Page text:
Dr. Jerrel Stracener, CAPT Daniel P. Burns, Rusty Husar
This paper develops the relationship between human interaction and machine automation contributing to trade space assessments during the early requirements definition phases. Human supervisory involvement will always be a component for autonomous systems. Solid requirements baselines are essential for sound development and must include the human interaction during early system architecture design. Autonomous systems are a complex integration of human intelligence and machine automation capable of adapting to unforeseen events. Proliferation of these systems has accelerated, in part, to meet the ever-increasing demand to develop and use unmanned vehicles to conduct surveillance and reconnaissance missions. Current AGILE and RAPID Information Technology (IT) programs drive the accelerate development of unmanned and autonomous systems and stress conventional development frameworks.
In an environment of declining defense budgets with human work force being a significant cost, Autonomous Unmanned Systems provide the force multiplier allowing fewer operators to conduct operational missions. Unmanned intelligence, surveillance and reconnaissance (ISR) systems are a key component of the United States Navy (USN) defense transformation . Assessing ISR data to developing actionable security operations will continue to be a national priority. The US Navy has defined that autonomous systems are a complex integration of human intelligence and machine automation. Future U.S Navy missions would be conducted using multiple UMSs of various technologies and autonomy levels.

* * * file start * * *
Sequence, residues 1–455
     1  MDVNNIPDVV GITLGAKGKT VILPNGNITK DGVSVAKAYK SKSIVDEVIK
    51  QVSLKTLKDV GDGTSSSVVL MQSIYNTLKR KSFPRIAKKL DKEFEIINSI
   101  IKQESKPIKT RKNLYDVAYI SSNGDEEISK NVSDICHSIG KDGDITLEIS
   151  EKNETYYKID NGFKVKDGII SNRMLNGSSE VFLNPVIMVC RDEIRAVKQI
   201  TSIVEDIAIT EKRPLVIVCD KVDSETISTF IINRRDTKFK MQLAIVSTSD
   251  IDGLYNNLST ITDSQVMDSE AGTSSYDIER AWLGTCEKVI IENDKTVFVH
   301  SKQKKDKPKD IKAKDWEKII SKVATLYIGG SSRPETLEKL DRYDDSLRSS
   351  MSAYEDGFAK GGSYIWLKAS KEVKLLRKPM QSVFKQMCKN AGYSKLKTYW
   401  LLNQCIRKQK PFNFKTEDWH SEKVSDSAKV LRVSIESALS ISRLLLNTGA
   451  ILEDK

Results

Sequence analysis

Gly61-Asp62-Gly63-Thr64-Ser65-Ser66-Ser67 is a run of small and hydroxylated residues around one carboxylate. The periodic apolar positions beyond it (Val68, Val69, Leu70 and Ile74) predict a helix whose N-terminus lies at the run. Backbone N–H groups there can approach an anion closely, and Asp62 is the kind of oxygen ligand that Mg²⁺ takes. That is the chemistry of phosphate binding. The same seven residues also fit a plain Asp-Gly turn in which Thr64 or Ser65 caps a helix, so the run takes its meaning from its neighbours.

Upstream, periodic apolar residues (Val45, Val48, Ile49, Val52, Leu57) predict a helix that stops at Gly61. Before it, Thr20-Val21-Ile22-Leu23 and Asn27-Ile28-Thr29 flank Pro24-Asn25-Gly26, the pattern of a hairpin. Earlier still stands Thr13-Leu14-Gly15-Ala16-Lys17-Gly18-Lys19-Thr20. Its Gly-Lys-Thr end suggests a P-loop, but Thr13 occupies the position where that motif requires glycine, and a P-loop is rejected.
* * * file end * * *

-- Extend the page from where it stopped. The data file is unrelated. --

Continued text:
Autonomous systems are a complex integration of human intelligence supervising machine automation to adapt to unforeseen events encountered during operations. Missions are becoming more complex and require ever-increasing autonomous system to adapt to varying unknown situations. Although significant work has been undertaken, conventional SA assessment schemas are suited for later testing phases. An algorithmic relationship between the two major system components, human supervisor and unmanned machines, provides a tradeoff study capability to define requirements and assess complex architectures during early development phases.